Google has quietly launched new tools enabling web publishers to monetize their web audiences via subscriptions and contributions.
Flying beneath an AI-dizzy radar, Google has quietly announced its new Reader Revenue Manager (RRM) product suite. Accessible from within the existing Google Publisher Center, the new product suite is designed to help publishers seamlessly paywall their content and charge access to it.
Designed for smaller publishers and creators, implementation is relatively straightforward – publishers simply add snippets of Google code to their sites, specify the subscription pricing, and can begin accepting subscriptions or contributions almost immediately.
Revenue is passed on to participating publishers, less Google’s 5% cut, and subscribers are automatically signed in with their Google accounts on websites they’ve subscribed to.
Stung by earlier criticism, Google has also promised to keep at arm’s length away from publishers’ data, stating, “Own your reader relationship with direct access to your reader’s opted-in contact information” before adding, “Your data is private and secure and will never be processed by Google.”
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According to Jack Marshall of Toolkits, the subscriptions insights consultancy, the new offering is essentially an extension and repackaging of Google’s existing “Subscribe with Google” technology, but it could allow Google to compete more directly with other subscription monetization tools and subscription-based creator platforms such as Substack.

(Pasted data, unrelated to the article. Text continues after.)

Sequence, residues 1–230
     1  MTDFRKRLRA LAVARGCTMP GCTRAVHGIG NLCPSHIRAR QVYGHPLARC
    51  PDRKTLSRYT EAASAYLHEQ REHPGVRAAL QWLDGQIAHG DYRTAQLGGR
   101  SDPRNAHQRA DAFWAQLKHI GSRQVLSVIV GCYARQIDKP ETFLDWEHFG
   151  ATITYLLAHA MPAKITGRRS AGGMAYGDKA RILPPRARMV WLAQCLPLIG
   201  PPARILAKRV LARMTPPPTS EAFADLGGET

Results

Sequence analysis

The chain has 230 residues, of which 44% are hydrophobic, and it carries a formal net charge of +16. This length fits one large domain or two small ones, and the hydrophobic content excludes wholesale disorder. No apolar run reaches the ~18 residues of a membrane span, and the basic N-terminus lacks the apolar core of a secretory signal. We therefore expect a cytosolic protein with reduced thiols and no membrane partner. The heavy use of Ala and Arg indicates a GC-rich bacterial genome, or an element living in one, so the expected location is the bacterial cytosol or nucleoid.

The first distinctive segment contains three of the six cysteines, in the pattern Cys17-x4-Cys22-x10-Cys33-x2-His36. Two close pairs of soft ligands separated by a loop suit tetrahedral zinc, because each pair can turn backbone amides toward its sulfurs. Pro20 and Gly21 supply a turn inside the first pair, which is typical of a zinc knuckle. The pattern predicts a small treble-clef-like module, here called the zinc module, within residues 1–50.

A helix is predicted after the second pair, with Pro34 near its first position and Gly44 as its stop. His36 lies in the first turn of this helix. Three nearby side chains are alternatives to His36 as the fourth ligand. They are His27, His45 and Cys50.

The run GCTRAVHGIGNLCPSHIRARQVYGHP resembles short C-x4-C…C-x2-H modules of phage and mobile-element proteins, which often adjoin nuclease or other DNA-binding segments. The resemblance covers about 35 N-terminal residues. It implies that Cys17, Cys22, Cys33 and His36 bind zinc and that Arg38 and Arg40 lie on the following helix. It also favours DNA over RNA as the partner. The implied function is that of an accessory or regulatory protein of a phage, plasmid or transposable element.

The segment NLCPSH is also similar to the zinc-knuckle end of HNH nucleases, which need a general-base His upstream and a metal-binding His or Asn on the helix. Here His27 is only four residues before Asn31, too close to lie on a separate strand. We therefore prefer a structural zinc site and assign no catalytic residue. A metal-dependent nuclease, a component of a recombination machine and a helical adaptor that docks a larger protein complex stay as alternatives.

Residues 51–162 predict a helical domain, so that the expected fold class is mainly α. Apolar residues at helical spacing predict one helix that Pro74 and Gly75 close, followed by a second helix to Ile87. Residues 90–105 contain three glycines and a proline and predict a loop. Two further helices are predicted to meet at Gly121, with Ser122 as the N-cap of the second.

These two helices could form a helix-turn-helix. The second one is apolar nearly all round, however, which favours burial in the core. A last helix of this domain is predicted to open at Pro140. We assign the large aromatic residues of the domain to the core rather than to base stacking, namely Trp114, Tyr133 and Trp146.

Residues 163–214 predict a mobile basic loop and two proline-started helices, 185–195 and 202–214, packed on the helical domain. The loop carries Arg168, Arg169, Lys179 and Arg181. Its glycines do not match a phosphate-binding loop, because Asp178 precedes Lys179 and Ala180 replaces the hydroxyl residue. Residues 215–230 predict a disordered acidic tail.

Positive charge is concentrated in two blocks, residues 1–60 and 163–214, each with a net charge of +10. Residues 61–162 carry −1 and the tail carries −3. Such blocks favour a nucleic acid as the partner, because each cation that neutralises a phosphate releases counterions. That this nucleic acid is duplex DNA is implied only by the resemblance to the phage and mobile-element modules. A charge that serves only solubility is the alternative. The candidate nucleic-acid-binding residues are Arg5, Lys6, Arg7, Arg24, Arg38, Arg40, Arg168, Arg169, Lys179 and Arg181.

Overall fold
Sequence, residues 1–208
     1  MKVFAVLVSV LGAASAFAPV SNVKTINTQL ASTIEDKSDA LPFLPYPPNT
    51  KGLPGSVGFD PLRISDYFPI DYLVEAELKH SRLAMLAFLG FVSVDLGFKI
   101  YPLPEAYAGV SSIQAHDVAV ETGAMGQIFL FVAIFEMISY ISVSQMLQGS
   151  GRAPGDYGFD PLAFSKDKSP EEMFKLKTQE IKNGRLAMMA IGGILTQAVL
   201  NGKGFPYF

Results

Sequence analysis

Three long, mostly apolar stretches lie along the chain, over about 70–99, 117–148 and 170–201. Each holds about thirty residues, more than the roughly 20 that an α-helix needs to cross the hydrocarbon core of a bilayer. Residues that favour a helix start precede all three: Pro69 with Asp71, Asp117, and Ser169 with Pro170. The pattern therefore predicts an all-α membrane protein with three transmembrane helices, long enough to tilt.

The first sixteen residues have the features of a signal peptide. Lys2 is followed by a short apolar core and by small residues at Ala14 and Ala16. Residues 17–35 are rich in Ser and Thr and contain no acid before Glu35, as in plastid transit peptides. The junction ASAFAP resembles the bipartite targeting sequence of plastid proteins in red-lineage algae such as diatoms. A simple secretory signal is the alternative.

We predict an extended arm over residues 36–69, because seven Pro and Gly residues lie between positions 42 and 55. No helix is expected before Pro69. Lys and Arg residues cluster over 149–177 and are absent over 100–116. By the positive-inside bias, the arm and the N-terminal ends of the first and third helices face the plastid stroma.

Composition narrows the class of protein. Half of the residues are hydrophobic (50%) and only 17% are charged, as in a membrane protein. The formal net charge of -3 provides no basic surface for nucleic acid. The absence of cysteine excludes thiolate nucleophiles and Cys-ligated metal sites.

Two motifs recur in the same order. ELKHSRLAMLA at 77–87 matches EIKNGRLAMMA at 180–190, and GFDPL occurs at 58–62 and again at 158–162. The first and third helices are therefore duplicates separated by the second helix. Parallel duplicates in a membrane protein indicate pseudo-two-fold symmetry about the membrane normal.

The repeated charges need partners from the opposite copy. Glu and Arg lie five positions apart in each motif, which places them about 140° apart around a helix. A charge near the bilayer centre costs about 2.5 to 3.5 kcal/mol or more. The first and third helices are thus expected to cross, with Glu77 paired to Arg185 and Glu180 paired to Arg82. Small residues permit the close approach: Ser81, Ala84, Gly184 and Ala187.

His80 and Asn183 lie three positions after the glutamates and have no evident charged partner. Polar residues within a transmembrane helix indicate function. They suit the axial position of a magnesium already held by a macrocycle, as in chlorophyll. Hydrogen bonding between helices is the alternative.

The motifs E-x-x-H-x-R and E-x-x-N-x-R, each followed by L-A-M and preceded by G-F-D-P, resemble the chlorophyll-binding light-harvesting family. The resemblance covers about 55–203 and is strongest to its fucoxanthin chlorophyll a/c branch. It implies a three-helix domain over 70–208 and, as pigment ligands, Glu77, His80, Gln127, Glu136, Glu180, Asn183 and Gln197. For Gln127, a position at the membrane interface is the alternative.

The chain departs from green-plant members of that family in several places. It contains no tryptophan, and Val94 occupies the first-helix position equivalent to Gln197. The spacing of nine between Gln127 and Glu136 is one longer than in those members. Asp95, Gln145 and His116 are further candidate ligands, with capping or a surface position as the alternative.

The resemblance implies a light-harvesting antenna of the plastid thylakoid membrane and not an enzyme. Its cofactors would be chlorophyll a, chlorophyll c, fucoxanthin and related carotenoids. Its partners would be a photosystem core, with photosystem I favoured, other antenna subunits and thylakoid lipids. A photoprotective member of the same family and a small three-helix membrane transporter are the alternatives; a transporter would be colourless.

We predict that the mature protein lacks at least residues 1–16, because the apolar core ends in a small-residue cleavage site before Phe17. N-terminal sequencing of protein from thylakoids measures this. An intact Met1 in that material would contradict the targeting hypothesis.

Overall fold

As it becomes clear that a mix of revenue streams is the most effective and sustainable way to support high-quality content and journalism, Google’s interest in subscription-based revenue models and tools may not be temporary.Jack Marshall, Toolkits
Google also hinted that content from publishers using RRM could appear more prominently across its portfolio, which might include Google News, Discover and other Google features that surface publisher content.
Publishers who utilize RRM can also leverage a recently added Subscribed Content report in Google’s search console, specifically intended to aid publishers in understanding how traffic stemming from Google search queries is being converted into revenue from subscribers, as well as to verify that any content which requires payment is being appropriately recognized by Google.
Are you tracking your email reputation? If not, it’s absolutely critical. While not a complete picture, Google Postmaster Tools are like Google Search Console, but for email. It’s totally free and every media company should be watching how Google sees their email reputation.Eric Shanfelt, Founding Partner, Nearview Media